SEC Issues Warning to Securities Firms
In the first sign of a regulatory crackdown, the Securities and Exchange Commission (SEC) issued a legal bulletin reminding
securities firms that the solicitation of "tie-in" agreements -- arrangements
requiring clients to buy additional stock shares in the aftermarket as a
precondition of being allocated IPO shares (also known as "laddering") -- were prohibited by securities
|December 2000||The Wall Street Journal Reports Probe of IPO Allocation
According to a Dec. 7 report by Susan Pulliam and Randall Smith, in
mid-2000 the SEC and the U.S. attorney's
office in Manhattan began a joint investigation of whether firms were violating
securities laws by exacting unusually large trading commissions from clients as
kickbacks in return for allocations of hot IPO stocks. While the typical
institutional commission rate for trades was five or six cents per share,
investigators found commissions as high as $2.75 per share. The report named
Credit Suisse First Boston (CSFB) as an early focus of the investigation, and a
later report indicated Goldman Sachs, Morgan Stanley Dean Witter, and Bear
Stearns had all received subpoenas for documents related to their IPO practices
and commission rates.
On Dec. 6, The Wall Street Journal published a front-page article on how
informal tie-in agreements were
fueling the dotcom investment mania. Following the publication of this
article, the SEC expanded its investigation to include these allegations.
CSFB Fires Three Brokers in Connection With IPO Probe
After an internal investigation, CSFB fired three brokers for violating the
firm's IPO practices -- reportedly for pressuring clients to pay higher
commissions on stock transactions in exchange for IPO allocations. The firings
focused attention on CSFB star technology banker Frank Quattrone because all
three of the brokers worked in CSFB's San Francisco office, where Quattrone's
division is headquartered.
CSFB Chief Executive Ousted
Credit Suisse Group, CSFB's parent company, ousted CSFB chief executive Allen
Wheat, reportedly partly due to the risk-taking culture he encouraged at the
firm, and the resulting clashes with U.S., European, and Asian regulators,
including the IPO investigation. He was replaced by former Morgan Stanley
executive John Mack, who in a move seen as laying the groundwork for a
settlement, hired former SEC enforcement chief Gary Lynch as the firm's general
President Bush Appoints New SEC Chairman
Two days after Senate confirmation of his nomination as commissioner, Harvey
Pitt was sworn in to a six-year term as SEC chairman on Aug. 3. The previous
chairman, Arthur Levitt, had retired in February 2001. At his
confirmation hearings, Pitt promised to "ensure
vigilant enforcement" of SEC rules, and pledged to lead a review of outdated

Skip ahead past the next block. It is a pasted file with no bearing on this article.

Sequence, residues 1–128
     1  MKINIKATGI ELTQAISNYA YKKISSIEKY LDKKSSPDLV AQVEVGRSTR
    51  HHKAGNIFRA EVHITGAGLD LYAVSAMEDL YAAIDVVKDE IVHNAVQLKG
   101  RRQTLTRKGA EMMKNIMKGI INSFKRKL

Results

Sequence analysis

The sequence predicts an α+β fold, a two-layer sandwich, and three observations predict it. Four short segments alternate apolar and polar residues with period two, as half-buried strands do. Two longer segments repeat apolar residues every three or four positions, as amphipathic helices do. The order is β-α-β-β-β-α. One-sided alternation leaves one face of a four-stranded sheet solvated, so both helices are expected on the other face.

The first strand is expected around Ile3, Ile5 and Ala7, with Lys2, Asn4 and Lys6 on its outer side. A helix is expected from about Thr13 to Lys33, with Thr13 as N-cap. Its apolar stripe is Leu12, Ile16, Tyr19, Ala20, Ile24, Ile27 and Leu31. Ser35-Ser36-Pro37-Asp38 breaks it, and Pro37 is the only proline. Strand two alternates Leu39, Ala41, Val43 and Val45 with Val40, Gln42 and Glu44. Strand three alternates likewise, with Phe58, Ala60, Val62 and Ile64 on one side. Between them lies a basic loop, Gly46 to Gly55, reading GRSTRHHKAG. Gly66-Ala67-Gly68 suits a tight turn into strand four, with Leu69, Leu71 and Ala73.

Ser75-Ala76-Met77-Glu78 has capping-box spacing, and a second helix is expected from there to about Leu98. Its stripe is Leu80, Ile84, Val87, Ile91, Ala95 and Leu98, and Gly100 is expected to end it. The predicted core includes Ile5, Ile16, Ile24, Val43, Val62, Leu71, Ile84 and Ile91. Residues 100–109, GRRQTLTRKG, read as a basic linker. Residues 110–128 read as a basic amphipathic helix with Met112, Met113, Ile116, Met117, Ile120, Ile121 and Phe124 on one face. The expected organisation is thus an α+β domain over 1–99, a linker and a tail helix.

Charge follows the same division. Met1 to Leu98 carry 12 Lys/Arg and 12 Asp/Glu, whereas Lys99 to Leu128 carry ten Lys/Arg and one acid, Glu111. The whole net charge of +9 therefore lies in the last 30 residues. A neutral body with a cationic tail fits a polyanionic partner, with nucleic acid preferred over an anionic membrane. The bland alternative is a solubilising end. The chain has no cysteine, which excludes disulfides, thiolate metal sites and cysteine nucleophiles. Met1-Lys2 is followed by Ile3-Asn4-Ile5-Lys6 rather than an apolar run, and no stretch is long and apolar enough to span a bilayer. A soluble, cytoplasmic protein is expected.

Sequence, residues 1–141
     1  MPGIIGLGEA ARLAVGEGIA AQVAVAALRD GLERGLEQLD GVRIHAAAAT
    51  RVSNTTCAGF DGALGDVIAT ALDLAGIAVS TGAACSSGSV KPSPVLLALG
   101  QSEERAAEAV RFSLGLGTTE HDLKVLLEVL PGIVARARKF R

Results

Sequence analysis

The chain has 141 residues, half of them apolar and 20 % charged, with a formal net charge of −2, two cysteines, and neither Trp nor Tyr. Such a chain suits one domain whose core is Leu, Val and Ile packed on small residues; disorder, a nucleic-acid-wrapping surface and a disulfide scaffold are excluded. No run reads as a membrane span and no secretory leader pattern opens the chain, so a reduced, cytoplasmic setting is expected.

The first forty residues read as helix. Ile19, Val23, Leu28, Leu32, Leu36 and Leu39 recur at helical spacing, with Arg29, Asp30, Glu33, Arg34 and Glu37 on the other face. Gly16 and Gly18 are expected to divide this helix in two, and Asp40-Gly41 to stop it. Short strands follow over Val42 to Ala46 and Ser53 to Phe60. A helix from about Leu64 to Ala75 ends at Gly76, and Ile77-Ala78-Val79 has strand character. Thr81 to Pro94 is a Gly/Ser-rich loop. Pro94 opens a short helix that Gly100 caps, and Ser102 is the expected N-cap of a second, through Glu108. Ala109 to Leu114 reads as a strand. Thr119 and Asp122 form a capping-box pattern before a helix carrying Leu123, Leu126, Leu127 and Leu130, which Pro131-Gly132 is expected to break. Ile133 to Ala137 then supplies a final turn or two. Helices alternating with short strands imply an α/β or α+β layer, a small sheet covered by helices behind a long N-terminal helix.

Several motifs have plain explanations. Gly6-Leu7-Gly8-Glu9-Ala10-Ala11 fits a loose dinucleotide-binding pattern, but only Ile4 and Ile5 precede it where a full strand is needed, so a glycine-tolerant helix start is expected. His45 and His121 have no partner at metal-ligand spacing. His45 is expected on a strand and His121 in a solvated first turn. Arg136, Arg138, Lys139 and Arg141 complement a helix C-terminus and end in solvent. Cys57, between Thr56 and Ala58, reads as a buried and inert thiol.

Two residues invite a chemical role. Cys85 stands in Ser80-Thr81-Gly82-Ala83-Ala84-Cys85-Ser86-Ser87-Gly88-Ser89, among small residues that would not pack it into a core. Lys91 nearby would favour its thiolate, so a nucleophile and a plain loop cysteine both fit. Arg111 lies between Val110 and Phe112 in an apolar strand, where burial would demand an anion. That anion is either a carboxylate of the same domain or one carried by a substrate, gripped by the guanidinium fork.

WTC Attacks Destroy SEC Office
In the aftermath of the Sept. 11 attacks, the SEC's enforcement office was
destroyed by the collapse of 7 World Trade Center. The agency's investigators
were forced to scramble to reconstruct many lost documents related to the IPO
|January 22, 2002||
CSFB Agrees to $100 Million Settlement
Following an 18-month investigation into CSFB's IPO practices, the SEC announced that the investment firm had agreed to a settlement with the SEC and the NASD in which CSFB will pay a $100 million fine to resolve the investigation -- the fifth-largest regulatory settlement by a securities firm. By agreeing to the settlement, CSFB will avoid being charged with securities fraud, although regulators are still investigating past and current CSFB employees.
In its complaint, the SEC charged that between April 1999 and June 2000, CSFB had allocated IPO shares to over 100 customers -- mostly hedge funds -- who, in return, were forced to funnel between 33 percent and 65 percent of their profits back to CSFB by paying excessive brokerage commissions on other transactions. According to the SEC, the customers were informed "both implicitly and explicitly, that they were expected to pay back to CSFB a portion of profits earned on their IPO flipping in order to continue to receive allocations."
The SEC charged that "the profit-sharing activity was pervasive at CSFB" and in particular singled out the actions of CSFB management: "Senior executives who were in managerial and supervisory roles knew of the practices described in the complaint, encouraged many of the practices described in the complaint, directed CSFB employees to urge customers to maintain specified ratios of commissions to IPO profits, and in some instances, personally engaged in some of the practices described in the complaint."
As part of the settlement agreement, CSFB neither admitted nor denied guilt in the matter, and will avoid civil securities-fraud charges. It agreed to pay a $30 million civil penalty to be divided between the SEC and NASD, and a $70 million payment representing the illegal proceeds to be divided between NASD and the U.S. Treasury. The company also has agreed to change its methods of allocating IPO stock, including establishing an IPO Allocation Review Committee and hiring an independent consultant to review new policies and procedures after one year. As part of the judgment, CSFB must implement the recommendations of the independent consultant. CSFB also announced that it is taking disciplinary action against the employees involved in the matter.
The SEC is continuing its probe into whether securities firms -- including Goldman Sachs, Morgan Stanley, J.P. Morgan Chase & Co., and the Robertson Stephens unit of FleetBoston Financial Corp. -- manipulated IPOs by distributing shares to investors who made promises of aftermarket purchases. Upon completion of its investigation, the SEC is expected to either issue clarifications to existing rules or announce new rules on how IPO stocks should be allocated, in an attempt to level the playing field for individual investors.